A rift in the transatlantic bond is growing as the US, for various reasons, focuses on
its own internal problems.
As a result, Europe will need
to carry its weight after decades of cruise control.
No one knows what awaits the UK as it breaks from the EU. One thing for certain is the fact that the upcoming elections will mark a new phase for post-colonial Britain.
With the upcoming G-7 summit to be held in Sicily, the Italian leadership will finally have a chance to set
the agenda at a crucial time
in international relations, especially around the Mediterranean.
The recent rise of populist movements is a risk that should not be underestimated. Nevertheless, there is a way
of understanding the phenomenon as a wake-up call that can bring benefits to the society.
As if the EU didn’t already have enough problems, it must now come to terms with a US president who not only feeds the populist anti-establishment wave in Europe, but also seems indifferent to its foundational values.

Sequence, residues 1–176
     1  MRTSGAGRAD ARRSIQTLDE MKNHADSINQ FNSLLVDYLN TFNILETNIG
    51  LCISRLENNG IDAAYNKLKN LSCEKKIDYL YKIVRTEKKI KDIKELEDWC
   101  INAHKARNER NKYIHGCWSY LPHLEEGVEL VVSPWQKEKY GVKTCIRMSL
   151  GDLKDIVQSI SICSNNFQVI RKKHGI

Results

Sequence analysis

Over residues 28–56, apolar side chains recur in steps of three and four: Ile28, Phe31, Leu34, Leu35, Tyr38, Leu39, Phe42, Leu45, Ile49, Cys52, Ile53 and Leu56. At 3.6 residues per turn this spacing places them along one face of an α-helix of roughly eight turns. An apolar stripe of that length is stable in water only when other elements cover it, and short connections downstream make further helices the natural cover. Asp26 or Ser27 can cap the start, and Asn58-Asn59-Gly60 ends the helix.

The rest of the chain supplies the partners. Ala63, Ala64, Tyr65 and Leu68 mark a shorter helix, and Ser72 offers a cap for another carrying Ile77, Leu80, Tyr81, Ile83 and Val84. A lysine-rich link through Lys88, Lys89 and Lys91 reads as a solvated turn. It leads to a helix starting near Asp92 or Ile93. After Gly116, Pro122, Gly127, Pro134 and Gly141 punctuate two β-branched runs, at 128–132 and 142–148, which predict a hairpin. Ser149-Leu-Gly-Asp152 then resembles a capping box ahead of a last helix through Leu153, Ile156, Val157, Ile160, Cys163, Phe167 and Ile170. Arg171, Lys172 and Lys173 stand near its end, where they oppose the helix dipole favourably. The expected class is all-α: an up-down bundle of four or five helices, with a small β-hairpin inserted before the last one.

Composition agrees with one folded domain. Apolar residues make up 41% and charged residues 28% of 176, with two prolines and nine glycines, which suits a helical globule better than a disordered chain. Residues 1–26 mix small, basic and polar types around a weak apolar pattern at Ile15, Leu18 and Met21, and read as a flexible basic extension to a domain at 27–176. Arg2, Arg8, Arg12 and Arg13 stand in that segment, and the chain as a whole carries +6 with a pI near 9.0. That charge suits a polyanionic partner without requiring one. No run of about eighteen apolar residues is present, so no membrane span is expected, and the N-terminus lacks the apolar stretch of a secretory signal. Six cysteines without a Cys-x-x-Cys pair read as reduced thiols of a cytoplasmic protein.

Should Italian citizens who have never or seldom set foot in the country have a right to vote? Certain measures need to be taken to ensure that all voters have significant links to the motherland.
Now that all America’s free trade deals are in danger, we should expect a more transactional approach in the new president’s agenda. The art of making a deal will necessarily involve compromise.
Russia is now more isolated than it has been since the end of the Cold War. Yet it is in Europe’s interest to get back to business as usual. Italy can use its special relationship
to help mediate.